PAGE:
The Nrf2 pathway is one of the important genomic regulators protecting the cell from environmental stressors by managing the antioxidant and detoxification processes within most cells.1 Like most complex genomic regulatory systems, Nrf2 (nuclear factor erythroid 2-related factor 2) is sequestered in the cytoplasm until it is able to translocate into the nucleus, where it forms a heterodimer with MAF (another transcription factor) and binds to the promoter region of genes containing an antioxidant response element (ARE) sequence. Nrf2 regulates important genes such as heme-oxygenase 1(HO-1), glutathione S-transferase (GST), glutathione reductase (GR), glutamate-cysteine ligase subunits (GCLc and GCLm), NAD(P)H quinone oxidoreductase-1 (NQO1), and thioredoxins (TrxR1), among others.2,3 Nrf2 stays sequestered in the cytoplasm by its interaction with the Keap1 protein complex (Keap1-Kelch-like ECH-associated protein 1). When an oxidative stressor or electrophile interacts with the Keap1-Nrf2 complex, it allows for the release and subsequent nuclear accumulation of Nrf2 through a complex process of ubiquitination-inhibition, thus triggering an anti-stress response by the cell.4 In some circumstances, Nrf2-activation can mitigate some of the effects of the NF-κB inflammatory signaling pathway.5,6


The Keap1–Nrf2 system. Under normal conditions, Nrf2 is constantly ubiquitinated through Keap1 and degraded in the proteasome. When exposed to electrophiles (i.e., certain antioxidants) or oxidative stress, Keap1 is inactivated. Stabilized Nrf2 accumulates in the nucleus and activates transcription of many genes that produce antioxidant proteins. Ub, ubiquitin. Image adapted from: Mitsuishi Y, Motohashi H, Yamamoto M. The Keap1-Nrf2 system in cancers: stress response and anabolic metabolism. Front Oncol. 2012 Dec 26;2:200.

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There has been a wealth of research looking at agents (naturally occurring and synthetic) that can upregulate this global antioxidant and detoxification system. Sulforaphane (a glucosinolate compound found in some cruciferous vegetables like broccoli) is one of the most commonly cited natural Nrf2 activators, though there are many others shown to have similar effects on Nrf2-induced enzymatic activities and metabolites. There are well over 100 different nutrients, phytonutrients, and related dietary supplement ingredients thought to function as antioxidants or detoxification enhancing agents, at least in part, because of their ability to up-regulate Nrf2 activation. A small portion of these have been confirmed to alter such responses when consumed at reasonable oral doses in human or animals and are listed below:

  • Cruciferous glucosinolates (broccoli, Brussels sprouts, etc.)8,9,10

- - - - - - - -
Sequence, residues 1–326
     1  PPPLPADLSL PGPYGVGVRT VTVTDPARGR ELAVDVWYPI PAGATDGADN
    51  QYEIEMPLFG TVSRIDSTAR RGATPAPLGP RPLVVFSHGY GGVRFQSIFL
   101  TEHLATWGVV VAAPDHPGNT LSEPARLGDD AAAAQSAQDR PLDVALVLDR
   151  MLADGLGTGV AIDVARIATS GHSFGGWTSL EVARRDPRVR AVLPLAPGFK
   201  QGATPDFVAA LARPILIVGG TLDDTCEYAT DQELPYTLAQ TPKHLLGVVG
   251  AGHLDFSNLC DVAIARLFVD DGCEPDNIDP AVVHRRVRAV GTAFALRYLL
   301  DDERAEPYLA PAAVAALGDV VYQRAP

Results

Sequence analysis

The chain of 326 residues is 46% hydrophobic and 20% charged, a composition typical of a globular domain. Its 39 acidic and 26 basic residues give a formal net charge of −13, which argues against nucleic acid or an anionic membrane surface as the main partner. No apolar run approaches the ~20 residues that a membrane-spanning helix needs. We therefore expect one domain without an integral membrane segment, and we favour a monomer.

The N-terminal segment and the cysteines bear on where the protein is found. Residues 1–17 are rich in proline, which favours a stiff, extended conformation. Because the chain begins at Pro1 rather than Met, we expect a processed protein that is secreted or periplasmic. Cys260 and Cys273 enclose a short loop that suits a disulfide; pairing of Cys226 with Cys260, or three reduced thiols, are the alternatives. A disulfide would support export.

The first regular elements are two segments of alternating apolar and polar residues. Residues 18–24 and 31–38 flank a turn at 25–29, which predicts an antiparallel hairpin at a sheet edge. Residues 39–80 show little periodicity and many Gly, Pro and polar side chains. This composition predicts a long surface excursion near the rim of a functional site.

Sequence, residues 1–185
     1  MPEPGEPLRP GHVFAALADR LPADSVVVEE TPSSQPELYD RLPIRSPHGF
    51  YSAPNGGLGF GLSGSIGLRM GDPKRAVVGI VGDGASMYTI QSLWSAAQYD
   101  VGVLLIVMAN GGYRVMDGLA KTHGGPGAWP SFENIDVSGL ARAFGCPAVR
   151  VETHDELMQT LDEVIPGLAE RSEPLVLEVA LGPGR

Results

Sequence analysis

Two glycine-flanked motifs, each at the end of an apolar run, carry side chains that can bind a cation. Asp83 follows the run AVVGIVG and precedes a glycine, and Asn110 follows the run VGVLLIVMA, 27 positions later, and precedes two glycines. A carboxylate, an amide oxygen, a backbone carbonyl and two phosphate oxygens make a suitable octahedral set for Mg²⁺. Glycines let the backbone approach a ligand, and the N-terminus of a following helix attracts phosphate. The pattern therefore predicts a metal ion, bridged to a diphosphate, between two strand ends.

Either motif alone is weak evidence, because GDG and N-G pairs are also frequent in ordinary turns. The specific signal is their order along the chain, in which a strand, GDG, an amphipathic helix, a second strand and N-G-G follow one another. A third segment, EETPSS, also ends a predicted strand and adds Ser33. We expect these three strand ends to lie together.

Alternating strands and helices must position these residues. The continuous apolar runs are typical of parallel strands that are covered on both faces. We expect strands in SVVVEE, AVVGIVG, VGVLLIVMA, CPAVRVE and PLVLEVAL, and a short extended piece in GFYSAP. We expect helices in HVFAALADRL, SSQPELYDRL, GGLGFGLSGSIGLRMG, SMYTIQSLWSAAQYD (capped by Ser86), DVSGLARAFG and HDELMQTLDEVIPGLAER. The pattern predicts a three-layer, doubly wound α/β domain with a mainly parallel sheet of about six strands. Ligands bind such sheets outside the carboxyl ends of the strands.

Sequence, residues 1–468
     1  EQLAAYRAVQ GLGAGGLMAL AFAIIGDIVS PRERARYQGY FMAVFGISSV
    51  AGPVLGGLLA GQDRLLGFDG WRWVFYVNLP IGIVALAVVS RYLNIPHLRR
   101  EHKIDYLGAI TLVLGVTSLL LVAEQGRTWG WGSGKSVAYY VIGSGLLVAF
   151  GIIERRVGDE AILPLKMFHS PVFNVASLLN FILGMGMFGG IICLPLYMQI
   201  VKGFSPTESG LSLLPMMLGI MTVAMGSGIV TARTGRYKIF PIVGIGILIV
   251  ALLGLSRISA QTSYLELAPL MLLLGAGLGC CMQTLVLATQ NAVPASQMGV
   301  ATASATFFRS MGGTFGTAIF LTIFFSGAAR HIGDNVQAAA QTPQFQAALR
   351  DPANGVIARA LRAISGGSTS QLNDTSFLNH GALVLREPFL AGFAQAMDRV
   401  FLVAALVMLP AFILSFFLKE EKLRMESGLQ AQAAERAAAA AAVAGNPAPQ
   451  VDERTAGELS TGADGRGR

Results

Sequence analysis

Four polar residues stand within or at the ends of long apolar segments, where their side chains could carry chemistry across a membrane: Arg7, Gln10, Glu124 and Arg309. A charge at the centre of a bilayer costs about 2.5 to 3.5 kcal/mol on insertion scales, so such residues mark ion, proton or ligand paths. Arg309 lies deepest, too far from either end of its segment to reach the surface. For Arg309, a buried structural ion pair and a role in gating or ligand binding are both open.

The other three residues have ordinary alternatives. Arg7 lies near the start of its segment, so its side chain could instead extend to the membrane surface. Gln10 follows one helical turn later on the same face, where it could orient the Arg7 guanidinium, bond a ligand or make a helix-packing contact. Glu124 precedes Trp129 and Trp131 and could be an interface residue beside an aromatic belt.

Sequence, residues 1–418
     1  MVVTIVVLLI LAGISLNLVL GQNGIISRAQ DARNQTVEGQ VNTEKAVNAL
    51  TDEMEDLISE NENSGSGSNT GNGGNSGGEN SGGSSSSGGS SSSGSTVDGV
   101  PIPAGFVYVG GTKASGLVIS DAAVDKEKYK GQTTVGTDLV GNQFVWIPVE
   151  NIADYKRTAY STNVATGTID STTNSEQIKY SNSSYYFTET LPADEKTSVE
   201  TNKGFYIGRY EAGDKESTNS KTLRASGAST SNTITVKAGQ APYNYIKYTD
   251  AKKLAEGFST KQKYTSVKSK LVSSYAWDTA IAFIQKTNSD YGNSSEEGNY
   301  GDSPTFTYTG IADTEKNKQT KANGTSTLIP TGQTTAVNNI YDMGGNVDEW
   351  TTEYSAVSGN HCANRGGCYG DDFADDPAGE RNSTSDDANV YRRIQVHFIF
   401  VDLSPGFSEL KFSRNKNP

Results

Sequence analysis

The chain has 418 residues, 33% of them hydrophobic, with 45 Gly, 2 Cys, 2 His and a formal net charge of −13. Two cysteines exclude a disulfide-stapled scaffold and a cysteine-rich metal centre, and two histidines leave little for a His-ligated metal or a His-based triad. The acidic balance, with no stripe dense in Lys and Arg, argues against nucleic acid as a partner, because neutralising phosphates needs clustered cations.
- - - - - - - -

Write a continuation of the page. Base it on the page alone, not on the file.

• Sulforaphane (concentrated)11,12
  • Curcuminoids (turmeric)13,14
  • Quercetin15,16
  • Resveratrol17,18
  • Phenethyl isothiocyanate (PEITC, from watercress)19,20
  • Diallyl sulfide (garlic)21,22
  • Lipoic acid23,24
  • N-acetyl cysteine (NAC)25,26
The list of natural compounds shown to modulate Nrf2 pathways or ARE-containing genes is too numerous to list in this text, though common ingredients for which the reader might be familiar include all those listed above and also baicalein (Scutellaria baicalensis), catechins (tea, cocoa), genistein (soy), carnosol and carnosic acid (Rosmarinus officinalis), andrographolide (Andrographis paniculata), ginsenoside Rb1 (Panax ginseng), schisandrin B (Schisandra chinensis), quercetin and related flavonoids, indole-3-carbinol (I3C) and diindolylmethane (DIM), hydroxytyrosol (Olea europaea - olive), Pterostilbene, Xanthohumol (Humulus lupulus), berberine, [6]-gingerol (Zingiber officinale), vitamin D, and even exercise (though the Nrf2-activation response decreases with aging).26,27,28,29

Dose recommendations for these ingredients for specific antioxidant outcomes is not possible, though it is likely there is a dose-response and even a dose at which some inhibition of Nrf2 activation occurs (i.e., biphasic response). This information strengthens our recommendation to encounter a wide range of phytonutrients in the diet and clinicians should consider recommending these phytonutrients (low-dose, but persistent intake) to combat the constant low-dose, but persistent damage generated by ROS and RNS.


Content from this blog has been adapted from Supplementing Dietary Nutrients: A Guide for Healthcare Professionals



Thomas G. Guilliams, PhD (Tom) earned his doctorate in molecular immunology from the Medical College of Wisconsin in Milwaukee. For the past two decades, he has spent his time investigating the mechanisms and actions of lifestyle and nutrient-based therapies, and is an expert in the therapeutic uses of dietary supplements. Tom serves as an adjunct assistant professor at the University of Wisconsin School of Pharmacy and was the VP of Science for Ortho Molecular Products for 24 years (he now serves them as a consultant). Since 2014 he has been writing a series of teaching manuals (Road Maps) that outline and evaluate the evidence for the principles and protocols that are fundamental to the functional and integrative medical community.  He is the founder and director of the Point Institute, an independent research and publishing organization that facilitates the distribution of his many publications. A frequent guest-speaker, Dr. Guilliams provides training to a variety of health care disciplines in the use of lifestyle and natural medicines. He lives in the woods outside of Stevens Point, Wisconsin with his wife and children.


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